For me, the process of defining adaptive music was a door-opening “aha! moment”. It provided a solid foundation for further research and exploration, and led to a number of later “aha! moments”. It provided the basis for the identification of some easily-overlooked but important fundamental truths about the art of adaptive music, which will be the topic of future articles.
Most importantly, this knowledge has been of practical value in applied game production situations.
But as I said before, your mileage may vary.
This section gives proposes a formal definition of adaptive music in a couple of different formats.
Adaptive music is music in which a primary concern in its construction is a system for generating significantly different performance versions of a piece in response to a specified range of input parameters, where the exact timing and/or sequence and/or quantity and/or presence and/or values of input parameters are not predetermined, and where the desired output of the system is coherent and aesthetically satisfying within the musical tradition(s) selected by the composer.
For some reason I love the almost impenetrable density of the single-sentence, dictionary-style adaptive music definition. On the other hand, it has been pointed out to me that: A) it’s almost impenetrably dense, B) it’s probably not even English, and C) that for complex concepts, it can be a better idea to provide a bullet-point-style list of defining criteria. So, for those who prefer that kind of thing:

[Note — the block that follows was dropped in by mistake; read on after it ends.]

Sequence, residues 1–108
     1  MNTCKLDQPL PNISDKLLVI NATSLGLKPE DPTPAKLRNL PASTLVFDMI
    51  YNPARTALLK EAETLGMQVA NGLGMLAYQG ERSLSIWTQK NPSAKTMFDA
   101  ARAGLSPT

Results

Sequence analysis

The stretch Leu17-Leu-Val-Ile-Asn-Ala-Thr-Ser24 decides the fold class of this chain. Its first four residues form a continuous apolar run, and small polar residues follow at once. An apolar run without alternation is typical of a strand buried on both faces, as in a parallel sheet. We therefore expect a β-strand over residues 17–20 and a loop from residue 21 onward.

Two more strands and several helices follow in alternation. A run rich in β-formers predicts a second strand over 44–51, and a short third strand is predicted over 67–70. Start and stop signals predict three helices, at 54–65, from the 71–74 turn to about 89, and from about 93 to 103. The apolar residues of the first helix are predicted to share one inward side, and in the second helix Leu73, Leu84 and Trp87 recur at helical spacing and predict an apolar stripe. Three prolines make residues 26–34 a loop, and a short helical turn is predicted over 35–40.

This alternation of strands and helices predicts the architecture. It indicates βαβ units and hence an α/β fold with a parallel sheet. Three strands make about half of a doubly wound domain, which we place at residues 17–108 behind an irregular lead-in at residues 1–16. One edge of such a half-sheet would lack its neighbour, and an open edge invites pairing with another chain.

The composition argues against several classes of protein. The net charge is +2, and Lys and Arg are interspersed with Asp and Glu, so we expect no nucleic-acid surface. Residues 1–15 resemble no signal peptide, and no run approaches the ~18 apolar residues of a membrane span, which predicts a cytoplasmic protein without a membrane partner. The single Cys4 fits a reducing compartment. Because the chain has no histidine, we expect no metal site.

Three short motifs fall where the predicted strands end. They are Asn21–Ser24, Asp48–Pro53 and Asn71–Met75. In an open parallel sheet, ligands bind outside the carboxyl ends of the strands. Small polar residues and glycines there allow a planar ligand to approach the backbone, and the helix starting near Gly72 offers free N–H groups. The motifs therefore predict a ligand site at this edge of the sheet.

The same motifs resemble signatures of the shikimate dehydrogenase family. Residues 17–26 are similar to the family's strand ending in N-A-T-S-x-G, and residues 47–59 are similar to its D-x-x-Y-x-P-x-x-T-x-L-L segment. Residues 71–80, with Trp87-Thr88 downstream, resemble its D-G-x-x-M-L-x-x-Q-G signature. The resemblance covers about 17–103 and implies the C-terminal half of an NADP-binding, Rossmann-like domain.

adaptive music incorporates a system for generating significantly different performance versions of the piece
the generation system is driven by pre-specified input parameters
the actual performance-specific events are expected to have a significant degree of indeterminacy
traditional musical coherency and organization is a priority
As it turns out, the definition itself was rather boring, pedantic, and academic. But let’s take a look at the pieces, and see what we learn.
Or, in other words, “a primary concern … is a system for generating significantly different versions of a piece”.
In the real world, no two performances of any piece of music are ever exactly the same. Consider that even when listening to a CD player under fairly controlled conditions, subtle variations in room temperature, air pressure, background noise, the listener’s head position, heart rate, blood sugar levels, prior experience with the piece (is this the first listen? Or do you have the thing memorized? Was it once “our song”?), and mental state (to name a few factors) all introduce variation in the way a piece is heard. In live performance, variability is much more pronounced. When listening to even a virtuoso performer, variations in the exact execution of a piece of music are to be expected.